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As we live longer, there is a greater likelihood of disability and the need for long-term care. However, most Americans have inadequate resources or income for such care and also lack long-term care insurance or similar insurance products. As a result, some elderly and disabled...

Long-term care Medicaid helps pay for long-term care costs if certain eligibility requirements such as medical necessity, Medicaid bed availability, “countable” resources being below a $2,000 limit, restrictions on most uncompensated transfers if made within five years of application, etc., are met. In this case the...

Parents own homestead as their major asset. Their health is beginning to decline, and neither of them have long-term care insurance or enough income or assets to pay for long-term care. As a result, if either of them needs long-term care, Medicaid is likely to...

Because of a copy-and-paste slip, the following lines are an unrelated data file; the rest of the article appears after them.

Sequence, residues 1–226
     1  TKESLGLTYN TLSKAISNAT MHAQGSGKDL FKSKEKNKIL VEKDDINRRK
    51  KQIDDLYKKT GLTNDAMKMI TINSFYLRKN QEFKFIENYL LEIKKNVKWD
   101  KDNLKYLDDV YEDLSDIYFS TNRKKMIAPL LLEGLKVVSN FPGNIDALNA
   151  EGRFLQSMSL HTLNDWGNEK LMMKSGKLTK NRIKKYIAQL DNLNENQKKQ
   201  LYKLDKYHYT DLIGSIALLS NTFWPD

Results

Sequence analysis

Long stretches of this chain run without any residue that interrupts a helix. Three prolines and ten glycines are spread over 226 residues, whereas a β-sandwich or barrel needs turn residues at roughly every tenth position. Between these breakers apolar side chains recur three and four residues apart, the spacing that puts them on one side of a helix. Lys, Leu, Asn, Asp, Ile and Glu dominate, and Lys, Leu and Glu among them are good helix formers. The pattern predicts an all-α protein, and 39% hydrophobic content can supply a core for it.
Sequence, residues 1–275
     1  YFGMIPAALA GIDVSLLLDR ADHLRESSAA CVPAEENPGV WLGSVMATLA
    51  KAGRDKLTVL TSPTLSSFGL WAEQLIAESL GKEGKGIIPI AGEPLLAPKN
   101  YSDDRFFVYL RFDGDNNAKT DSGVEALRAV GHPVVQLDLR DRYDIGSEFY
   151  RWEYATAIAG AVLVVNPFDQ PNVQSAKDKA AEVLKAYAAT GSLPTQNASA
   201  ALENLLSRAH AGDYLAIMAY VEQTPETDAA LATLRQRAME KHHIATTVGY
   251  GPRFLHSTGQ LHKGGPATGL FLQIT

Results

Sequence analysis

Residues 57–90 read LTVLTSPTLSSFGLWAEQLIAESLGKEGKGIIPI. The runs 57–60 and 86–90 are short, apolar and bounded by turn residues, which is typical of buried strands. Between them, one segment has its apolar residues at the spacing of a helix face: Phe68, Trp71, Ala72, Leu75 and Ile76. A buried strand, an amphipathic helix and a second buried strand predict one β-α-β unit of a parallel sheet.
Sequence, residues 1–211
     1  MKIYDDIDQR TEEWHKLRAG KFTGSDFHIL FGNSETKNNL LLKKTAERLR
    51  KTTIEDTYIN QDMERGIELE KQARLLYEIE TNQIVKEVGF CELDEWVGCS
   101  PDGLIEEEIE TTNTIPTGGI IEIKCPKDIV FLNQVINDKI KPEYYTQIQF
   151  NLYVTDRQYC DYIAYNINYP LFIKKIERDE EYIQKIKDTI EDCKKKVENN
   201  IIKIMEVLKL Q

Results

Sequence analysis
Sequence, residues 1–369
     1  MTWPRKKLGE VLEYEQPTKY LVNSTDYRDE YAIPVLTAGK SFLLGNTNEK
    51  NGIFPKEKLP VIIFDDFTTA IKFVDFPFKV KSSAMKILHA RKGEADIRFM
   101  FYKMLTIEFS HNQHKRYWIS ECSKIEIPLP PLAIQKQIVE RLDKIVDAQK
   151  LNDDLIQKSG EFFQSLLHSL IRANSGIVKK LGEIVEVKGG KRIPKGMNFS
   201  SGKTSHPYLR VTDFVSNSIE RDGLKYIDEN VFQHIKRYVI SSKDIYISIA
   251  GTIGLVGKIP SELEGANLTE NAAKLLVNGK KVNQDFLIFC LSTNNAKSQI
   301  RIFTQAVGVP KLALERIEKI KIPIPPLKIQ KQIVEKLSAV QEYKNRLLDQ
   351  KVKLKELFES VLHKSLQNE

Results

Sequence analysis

Under federal long-term care Medicaid laws, there is a presumption of “guilt” if there is an uncompensated transfer within five (5) years of an application for long-term Medicaid (which helps pay for institutional care, drugs, etc.) since long-term care is “means-tested” In other words, the...

The federal law called the Achieving a Better Life Experience (ABLE) Act gives some people with disabilities or their families to establish a tax-free savings account that will not count as a resource for Medicaid eligibility (which is “means-tested”). For an adult disabled person who...